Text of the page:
As long as we have had generators and motors and electric lights, we have had copper wire. Copper has always been the standard material for electrical wiring systems, in all types of buildings including our nation's sixty million wired homes. It is the only wiring approved by all electrical codes, nationwide.
Why copper? Because, as hard as man has searched for a substitute, he has not been able to find one that can do the job as reliably or as economically as copper.
Copper has several important properties that make it a "natural" for electrical wiring. More than any other non-precious metal, it is the best conductor of electricity, packing more power into a given diameter of wire than any substitute material. Copper is also easier to bend, yet tougher. With copper, connections are easy and sure. And, because it has a high melting point, it can take surprisingly heavy overloads or current surges without damage or danger.
Perhaps the best eyes through which to look at the advantages of copper wiring are those of the electrical contractor, because he is, in a very real sense, responsible to both the builder and the consumer, and he knows that his reputation and the success of his business rest squarely on his workmanship and choice of materials.
A service call - or "callback" - is a visit nobody wants to be bothered with, either the electrical contractor or the homeowner.
Here, then, are some reasons why electrical contractors prefer copper:
- Copper does not creep or loosen at connections
Constant expansion and contraction under "load, no-load" conditions can cause non-copper materials to "creep," a process which results in the loosening of terminations. In turn, loose connections tend to heat up, and will sometimes arc dangerously.
The only way to avoid these problems is to check all terminals periodically, tighten screws and connecting devices - or to specify copper initially.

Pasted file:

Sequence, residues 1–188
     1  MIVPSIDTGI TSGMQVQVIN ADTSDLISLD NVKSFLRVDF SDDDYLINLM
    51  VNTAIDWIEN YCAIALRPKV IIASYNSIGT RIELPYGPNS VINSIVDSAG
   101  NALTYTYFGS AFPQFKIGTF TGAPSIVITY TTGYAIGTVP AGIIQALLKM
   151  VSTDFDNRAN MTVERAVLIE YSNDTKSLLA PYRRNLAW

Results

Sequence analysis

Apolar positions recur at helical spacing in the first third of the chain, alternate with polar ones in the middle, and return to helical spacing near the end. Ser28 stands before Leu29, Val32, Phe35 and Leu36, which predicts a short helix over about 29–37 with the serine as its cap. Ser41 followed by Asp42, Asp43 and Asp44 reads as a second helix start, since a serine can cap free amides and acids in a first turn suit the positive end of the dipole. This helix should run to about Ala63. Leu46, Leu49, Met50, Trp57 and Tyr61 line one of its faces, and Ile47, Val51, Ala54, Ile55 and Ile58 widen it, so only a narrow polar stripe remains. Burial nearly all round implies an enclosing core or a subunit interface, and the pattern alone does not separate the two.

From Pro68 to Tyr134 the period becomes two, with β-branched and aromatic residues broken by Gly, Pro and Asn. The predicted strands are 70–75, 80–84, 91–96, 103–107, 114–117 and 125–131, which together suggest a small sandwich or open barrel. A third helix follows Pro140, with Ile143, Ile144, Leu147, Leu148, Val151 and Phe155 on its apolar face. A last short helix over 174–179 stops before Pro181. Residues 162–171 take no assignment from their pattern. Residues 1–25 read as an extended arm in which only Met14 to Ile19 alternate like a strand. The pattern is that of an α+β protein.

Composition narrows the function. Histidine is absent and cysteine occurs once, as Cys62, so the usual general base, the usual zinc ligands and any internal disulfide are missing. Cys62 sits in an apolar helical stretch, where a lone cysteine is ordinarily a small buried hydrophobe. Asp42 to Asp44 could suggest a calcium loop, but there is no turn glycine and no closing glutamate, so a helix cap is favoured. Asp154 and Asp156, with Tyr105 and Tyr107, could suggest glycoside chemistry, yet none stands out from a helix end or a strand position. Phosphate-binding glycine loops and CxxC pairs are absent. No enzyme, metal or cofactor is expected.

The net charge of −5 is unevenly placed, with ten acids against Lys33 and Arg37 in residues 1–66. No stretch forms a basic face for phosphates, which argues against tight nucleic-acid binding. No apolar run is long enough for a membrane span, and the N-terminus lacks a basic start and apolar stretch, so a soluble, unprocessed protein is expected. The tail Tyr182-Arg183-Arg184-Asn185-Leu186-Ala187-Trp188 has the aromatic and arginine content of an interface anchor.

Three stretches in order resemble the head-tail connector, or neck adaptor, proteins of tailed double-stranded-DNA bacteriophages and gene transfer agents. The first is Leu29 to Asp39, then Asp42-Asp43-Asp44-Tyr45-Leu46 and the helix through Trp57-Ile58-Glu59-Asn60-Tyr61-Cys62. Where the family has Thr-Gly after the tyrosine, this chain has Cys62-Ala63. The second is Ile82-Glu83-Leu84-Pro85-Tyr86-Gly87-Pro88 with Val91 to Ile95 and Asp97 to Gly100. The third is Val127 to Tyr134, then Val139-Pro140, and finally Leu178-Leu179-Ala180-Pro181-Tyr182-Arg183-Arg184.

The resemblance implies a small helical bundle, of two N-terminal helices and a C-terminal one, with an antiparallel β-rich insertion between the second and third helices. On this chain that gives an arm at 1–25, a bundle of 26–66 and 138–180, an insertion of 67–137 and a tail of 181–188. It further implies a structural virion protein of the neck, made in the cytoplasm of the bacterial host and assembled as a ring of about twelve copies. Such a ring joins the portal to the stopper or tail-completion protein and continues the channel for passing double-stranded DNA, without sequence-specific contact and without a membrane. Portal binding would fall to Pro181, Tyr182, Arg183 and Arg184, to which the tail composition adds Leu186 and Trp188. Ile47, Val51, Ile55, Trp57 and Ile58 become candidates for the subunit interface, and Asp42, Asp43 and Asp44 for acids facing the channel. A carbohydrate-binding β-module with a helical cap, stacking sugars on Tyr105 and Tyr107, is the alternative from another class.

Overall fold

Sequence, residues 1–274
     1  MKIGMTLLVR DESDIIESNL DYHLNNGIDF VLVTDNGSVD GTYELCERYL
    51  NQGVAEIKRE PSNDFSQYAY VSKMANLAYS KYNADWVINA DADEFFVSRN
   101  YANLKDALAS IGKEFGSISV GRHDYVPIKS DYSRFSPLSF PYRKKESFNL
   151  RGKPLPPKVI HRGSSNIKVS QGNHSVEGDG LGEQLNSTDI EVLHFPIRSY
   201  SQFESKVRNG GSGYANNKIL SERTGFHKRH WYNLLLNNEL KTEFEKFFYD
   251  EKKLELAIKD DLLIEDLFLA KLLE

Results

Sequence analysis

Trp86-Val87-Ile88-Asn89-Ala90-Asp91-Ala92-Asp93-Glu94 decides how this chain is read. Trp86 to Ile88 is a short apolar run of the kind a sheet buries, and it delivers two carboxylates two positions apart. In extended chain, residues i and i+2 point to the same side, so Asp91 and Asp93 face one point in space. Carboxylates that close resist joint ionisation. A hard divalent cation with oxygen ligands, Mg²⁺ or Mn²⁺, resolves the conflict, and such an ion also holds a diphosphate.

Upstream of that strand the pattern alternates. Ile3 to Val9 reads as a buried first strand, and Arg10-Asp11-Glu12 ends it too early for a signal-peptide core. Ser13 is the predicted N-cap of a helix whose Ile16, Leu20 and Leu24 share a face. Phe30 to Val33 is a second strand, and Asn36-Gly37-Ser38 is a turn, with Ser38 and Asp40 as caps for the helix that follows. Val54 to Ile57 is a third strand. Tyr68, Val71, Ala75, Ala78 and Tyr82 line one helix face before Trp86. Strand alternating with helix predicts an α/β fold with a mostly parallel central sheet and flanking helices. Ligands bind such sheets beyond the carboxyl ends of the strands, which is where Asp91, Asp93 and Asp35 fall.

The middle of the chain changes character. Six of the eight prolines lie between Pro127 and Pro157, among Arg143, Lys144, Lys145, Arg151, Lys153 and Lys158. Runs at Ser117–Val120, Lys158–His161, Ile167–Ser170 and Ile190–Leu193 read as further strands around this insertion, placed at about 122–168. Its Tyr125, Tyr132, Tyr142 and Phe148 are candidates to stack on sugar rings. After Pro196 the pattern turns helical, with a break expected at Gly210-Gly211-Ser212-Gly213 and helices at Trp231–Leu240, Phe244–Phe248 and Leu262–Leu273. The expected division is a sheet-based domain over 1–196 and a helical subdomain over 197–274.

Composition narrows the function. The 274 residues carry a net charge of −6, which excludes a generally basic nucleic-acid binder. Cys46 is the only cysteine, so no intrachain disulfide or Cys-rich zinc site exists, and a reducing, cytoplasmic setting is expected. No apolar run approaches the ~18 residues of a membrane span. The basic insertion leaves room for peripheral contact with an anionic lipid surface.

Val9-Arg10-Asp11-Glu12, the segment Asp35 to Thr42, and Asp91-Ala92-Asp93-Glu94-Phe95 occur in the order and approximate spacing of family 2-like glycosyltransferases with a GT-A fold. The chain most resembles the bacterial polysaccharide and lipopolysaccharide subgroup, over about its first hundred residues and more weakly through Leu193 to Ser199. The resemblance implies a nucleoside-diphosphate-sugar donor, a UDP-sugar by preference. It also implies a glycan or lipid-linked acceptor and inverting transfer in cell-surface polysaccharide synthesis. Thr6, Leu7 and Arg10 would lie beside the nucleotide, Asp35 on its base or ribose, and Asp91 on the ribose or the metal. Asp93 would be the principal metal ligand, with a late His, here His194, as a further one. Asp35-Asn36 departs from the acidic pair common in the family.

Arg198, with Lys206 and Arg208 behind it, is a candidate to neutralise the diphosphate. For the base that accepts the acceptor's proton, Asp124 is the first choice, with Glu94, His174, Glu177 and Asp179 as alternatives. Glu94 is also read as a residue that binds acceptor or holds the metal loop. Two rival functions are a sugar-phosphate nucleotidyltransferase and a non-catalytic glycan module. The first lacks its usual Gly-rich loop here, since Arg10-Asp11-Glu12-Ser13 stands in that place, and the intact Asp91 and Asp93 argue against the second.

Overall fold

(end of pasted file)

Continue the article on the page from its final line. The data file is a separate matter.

- All-copper systems present no problem of incompatibility
Copper is, naturally, compatible with itself. It is not, however, compatible with aluminum wire or connectors. If the two metals are joined, a galvanic action can occur and anodic corrosion can disintegrate the aluminum. This is the reason that most appliance and electrical equipment manufacturers use copper lead wires for connection to building wiring systems.
- Installation of copper wiring is well known
This is important to the electrical contractor because it means that his electricians do not have to take time out for special instruction and qualification to install non-copper wiring.
- Copper eliminates worry about surface oxides
Copper does not need the special surface preparation or anti-oxidant pastes on connections and splices required by non-copper wiring. Even copper's oxide conducts.
- Copper is easy to work with
Electricians definitely prefer to work with copper if the choice is theirs. It strips easily, bends easily without nicking or breaking, has the "pull-through" strength that's important for pulling wire through conduits and other tight places, and it can be connected without special lugs and fittings.
- Copper can be easily joined
Some codes require soldered joints. Copper can be easily soldered. Substitute materials cannot.
- Copper can withstand overloads
Current, or load surges can play havoc with a wiring system. Of all wiring materials, copper is best able to withstand overloads. Overloads will not loosen copper joints, either.
- Rewiring is easier with copper
- When a home is being remodeled or its wiring system is being expanded for increased capacity, copper wire is best because it is smaller in diameter, requires less space.
- Copper is readily available
Copper wire is readily available in every city in a wide range of standard sizes.
- Copper has nationwide approval
Copper is approved by electrical codes nationwide with years of excellent performance serving as testimony.
These are solid reasons why copper is really your best buy in wiring. Copper's performance is respected by professional electricians. They know from experience that it is false economy to "save" money by using a substitute material. Copper is a quality product. It may cost a little more to begin with, but first cost is the least cost when it's the last cost.
Next time the decision is yours, insist on copper wiring. You'll be happy you did.